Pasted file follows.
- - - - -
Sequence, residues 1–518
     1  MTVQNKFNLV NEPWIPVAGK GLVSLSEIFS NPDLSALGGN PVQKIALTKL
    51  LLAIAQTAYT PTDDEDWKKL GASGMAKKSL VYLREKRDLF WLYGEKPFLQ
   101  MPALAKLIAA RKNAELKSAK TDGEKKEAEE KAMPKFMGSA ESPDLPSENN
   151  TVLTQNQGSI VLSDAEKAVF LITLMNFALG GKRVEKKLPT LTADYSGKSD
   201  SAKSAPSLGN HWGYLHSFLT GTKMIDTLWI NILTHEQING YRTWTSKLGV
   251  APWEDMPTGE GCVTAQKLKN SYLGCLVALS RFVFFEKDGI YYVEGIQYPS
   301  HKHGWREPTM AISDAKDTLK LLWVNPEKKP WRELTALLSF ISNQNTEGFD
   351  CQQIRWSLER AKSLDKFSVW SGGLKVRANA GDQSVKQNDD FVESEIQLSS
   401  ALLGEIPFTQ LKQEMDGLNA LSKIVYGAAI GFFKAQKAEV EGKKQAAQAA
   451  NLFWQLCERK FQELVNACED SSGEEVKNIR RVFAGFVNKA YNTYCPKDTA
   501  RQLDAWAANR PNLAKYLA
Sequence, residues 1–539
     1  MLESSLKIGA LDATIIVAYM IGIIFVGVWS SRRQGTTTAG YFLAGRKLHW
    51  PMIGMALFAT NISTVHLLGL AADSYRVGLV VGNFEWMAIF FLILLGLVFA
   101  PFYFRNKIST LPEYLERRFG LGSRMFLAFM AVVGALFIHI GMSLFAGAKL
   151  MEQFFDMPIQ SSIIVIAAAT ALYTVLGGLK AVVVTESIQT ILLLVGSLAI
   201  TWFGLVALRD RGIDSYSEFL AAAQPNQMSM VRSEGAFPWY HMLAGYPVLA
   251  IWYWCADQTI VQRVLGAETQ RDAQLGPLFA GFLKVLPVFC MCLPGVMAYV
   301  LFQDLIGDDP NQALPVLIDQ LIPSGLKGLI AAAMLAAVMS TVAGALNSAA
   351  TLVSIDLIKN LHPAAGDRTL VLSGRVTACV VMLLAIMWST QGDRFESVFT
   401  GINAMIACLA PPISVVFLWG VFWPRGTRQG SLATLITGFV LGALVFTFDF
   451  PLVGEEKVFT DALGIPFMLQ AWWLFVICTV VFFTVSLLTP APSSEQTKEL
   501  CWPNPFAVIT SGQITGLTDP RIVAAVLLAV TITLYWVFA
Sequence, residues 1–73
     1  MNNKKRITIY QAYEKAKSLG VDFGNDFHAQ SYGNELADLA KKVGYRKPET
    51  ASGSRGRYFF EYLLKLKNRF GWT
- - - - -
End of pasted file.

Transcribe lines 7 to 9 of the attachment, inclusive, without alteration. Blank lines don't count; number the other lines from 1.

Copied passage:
   251  APWEDMPTGE GCVTAQKLKN SYLGCLVALS RFVFFEKDGI YYVEGIQYPS
   301  HKHGWREPTM AISDAKDTLK LLWVNPEKKP WRELTALLSF ISNQNTEGFD
   351  CQQIRWSLER AKSLDKFSVW SGGLKVRANA GDQSVKQNDD FVESEIQLSS